Harden’s Insider: the Sustainable Restaurant Association’s healthy menu guide

What customers want now: a wholesome, whole foods approach to better health

The Sustainable Restaurant Association highlights the prevailing trends when it comes to healthy food and explores how your restaurant can craft a menu that meets the demands of your customers.

Flexitarian is the new vegan

While veganism has remained one of the biggest food trends across much of the last decade, attitudes towards plant-based eating show signs of a significant shift. GWI reports that, since mid-2021, interest in vegan food has declined. While over one in four Europeans expresses interest in reducing their meat consumption, just 7% now identify as either vegan, vegetarian or pescatarian. Meanwhile, the number of Europeans identifying as flexitarian has risen by 13% year-on-year.

The good news is that customers are also more concerned about food production and how dietary choices affect both their own health and that of the planet. The adoption of plant-based diets that we’ve seen over the past decade is growing into a more holistic approach that goes beyond reducing meat and fish consumption– people want to know where their food comes from and how is was grown, caught, farmed or produced. 

Plant-based, but make it pure

With more media coverage about ultra-processed foods (UPFs), people are turning away from meat alternatives with long, complicated ingredients lists. Whole Foods Market predicts shrinking labels across the category in 2024, with a greater focus on whole-food options made from things like mushrooms, nuts, tempeh and legumes. Supporting this, Mintel reports that consumers across the globe are increasingly demanding transparency in their food and choosing natural, ‘pure’ foods over processed ones. 

An holistic approach to personal health 

Personal diets are no longer solely about weight management. Consumers want nourishing foods that support overall physical and mental health, including those that nurture their gut microbiomes. More than 80% of consumers in China, the UK and the USA consider gut health to be important, while over 50% anticipate making it a higher priority in the next 2-3 years.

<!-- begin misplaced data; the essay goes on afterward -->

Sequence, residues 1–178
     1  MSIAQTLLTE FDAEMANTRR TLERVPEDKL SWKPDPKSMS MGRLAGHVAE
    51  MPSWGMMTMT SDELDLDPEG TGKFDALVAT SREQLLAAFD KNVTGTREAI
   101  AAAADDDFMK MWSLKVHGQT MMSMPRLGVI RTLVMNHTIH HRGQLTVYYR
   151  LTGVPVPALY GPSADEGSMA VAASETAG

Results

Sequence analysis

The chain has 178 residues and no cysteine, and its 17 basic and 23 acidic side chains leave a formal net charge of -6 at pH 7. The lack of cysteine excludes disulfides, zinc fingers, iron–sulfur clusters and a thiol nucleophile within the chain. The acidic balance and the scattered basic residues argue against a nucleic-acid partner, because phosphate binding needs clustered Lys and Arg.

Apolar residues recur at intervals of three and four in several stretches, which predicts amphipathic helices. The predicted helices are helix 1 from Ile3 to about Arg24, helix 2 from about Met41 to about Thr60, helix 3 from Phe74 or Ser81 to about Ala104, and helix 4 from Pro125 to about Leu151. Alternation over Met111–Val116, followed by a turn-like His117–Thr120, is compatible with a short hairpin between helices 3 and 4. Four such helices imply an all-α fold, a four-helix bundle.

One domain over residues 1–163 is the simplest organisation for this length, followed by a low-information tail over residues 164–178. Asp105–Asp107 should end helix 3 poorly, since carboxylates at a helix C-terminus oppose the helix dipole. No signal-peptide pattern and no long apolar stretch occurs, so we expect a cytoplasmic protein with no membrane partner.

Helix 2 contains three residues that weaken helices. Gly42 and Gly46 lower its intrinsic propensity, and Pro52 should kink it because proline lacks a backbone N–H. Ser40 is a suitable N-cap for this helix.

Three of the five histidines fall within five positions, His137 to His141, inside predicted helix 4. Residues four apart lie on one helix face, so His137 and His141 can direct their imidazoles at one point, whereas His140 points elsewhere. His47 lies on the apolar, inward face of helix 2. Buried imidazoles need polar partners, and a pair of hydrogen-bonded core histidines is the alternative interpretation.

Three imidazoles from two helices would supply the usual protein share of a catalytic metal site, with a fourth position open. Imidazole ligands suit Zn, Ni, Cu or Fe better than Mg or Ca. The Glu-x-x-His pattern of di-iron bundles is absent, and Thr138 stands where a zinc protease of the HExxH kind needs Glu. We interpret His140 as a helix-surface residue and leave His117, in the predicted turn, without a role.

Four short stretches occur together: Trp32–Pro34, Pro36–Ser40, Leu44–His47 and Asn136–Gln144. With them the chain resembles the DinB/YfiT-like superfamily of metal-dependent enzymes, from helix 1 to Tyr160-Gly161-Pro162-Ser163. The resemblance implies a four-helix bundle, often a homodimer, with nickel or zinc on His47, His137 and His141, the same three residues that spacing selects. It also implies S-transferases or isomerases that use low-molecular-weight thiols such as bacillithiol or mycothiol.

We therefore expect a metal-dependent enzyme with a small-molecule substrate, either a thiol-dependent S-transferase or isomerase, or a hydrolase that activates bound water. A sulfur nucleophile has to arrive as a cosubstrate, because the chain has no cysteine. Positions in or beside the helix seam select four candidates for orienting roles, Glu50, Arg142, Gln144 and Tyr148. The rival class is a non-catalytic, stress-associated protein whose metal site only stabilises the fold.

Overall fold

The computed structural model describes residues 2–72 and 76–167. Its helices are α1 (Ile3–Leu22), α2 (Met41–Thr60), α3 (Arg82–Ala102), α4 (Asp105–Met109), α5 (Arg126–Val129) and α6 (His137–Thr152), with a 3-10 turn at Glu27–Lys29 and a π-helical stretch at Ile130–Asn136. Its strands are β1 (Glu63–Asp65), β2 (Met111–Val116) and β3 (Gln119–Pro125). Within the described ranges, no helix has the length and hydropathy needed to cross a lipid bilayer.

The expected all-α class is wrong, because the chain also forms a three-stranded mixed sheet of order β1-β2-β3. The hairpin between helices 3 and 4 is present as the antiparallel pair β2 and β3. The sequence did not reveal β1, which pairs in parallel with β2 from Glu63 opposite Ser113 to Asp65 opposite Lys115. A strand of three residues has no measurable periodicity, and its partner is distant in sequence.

Wondering how all of this translates to your menu? Read on…

1. Put more on the menu

Making plant-based options a greater proportion of your menu not only provides more choice for those looking for a meat-free meal, but also helps to ‘normalise’ plant-based eating. Research shows that this increases the likelihood of people choosing these options.

2. Think flexitarian

Make flexitarianism your guiding light. Offer a wide range of plant-based options across your menu, with the choice to add meat or fish as an extra. This will cater for every palate and prioritises a growing demographic of people who are eating less meat and dairy without cutting them out altogether.

3. Focus on whole foods

Serve whole food, plant-based vegan options rather than ultra-processed meat substitutes. Think mushrooms, tofu (and its cousins seitan and tempeh), nuts, seeds and plenty of vegetables. Beans and other pulses are a fantastic option for healthy plant-based protein; they offer fibre, slow-release carbohydrates and a wealth of vitamins and minerals, and play a valuable role in digestive health. 

4. Is it delicious?

Like any other guest in your restaurant, meat-free eaters want something that is truly delectable – especially now, when going out to eat is a special-occasion treat for many. Make your flavours big and bold, experiment with contrasting textures and aim to tick as many “delicious” boxes as possible: think crunchy, gooey, spicy, rich, silky, creamy or crisp.

5. Ramp up the nutrition

Consider what people might be seeking within their own personalised versions of a healthy diet. While making health claims on menus can be tricky (and it’s crucial that any such claims are 100% transparent and verifiably correct), you can meet your guests’ needs simply by ensuring that your selection includes lean proteins, healthy fats like omega-3s, dishes with multiple portions of fruits and vegetables and gut-friendly ingredients like fermented foods and whole grains.

For more insights and advice on building sustainability into your operations, check out www.thesra.org or follow The Sustainable Restaurant Association on Instagram and LinkedIn.

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